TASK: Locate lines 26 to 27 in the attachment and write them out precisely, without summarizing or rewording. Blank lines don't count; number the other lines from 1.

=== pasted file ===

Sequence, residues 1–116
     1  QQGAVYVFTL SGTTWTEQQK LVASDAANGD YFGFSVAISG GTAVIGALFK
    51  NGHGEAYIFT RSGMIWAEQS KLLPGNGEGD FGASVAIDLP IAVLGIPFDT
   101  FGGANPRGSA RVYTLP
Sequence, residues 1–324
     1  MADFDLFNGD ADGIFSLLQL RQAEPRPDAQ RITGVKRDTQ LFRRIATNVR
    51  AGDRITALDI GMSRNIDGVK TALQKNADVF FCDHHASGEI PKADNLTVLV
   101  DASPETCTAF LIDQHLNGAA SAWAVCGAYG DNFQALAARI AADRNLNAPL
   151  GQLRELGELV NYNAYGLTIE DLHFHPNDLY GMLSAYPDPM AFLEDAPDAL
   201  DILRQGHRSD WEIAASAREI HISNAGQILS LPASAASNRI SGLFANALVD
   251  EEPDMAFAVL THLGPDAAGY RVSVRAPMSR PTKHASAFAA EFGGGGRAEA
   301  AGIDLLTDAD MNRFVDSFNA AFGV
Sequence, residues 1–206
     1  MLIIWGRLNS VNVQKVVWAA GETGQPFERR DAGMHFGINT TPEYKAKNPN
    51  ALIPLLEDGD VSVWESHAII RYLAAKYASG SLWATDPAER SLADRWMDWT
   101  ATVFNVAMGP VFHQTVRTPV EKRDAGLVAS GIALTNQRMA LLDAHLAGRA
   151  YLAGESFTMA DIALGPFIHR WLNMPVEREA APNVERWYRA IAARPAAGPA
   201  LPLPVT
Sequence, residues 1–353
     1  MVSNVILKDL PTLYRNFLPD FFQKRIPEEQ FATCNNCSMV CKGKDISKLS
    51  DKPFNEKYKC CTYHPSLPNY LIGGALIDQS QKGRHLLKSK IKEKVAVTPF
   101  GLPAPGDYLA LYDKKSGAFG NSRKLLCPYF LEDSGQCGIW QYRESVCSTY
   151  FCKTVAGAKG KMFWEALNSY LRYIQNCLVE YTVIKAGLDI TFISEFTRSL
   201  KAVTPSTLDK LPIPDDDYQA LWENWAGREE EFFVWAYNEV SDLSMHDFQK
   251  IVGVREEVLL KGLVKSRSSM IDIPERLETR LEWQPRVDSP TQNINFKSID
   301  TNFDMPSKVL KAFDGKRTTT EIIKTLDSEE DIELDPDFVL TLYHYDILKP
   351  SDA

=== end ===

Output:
   301  TNFDMPSKVL KAFDGKRTTT EIIKTLDSEE DIELDPDFVL TLYHYDILKP
   351  SDA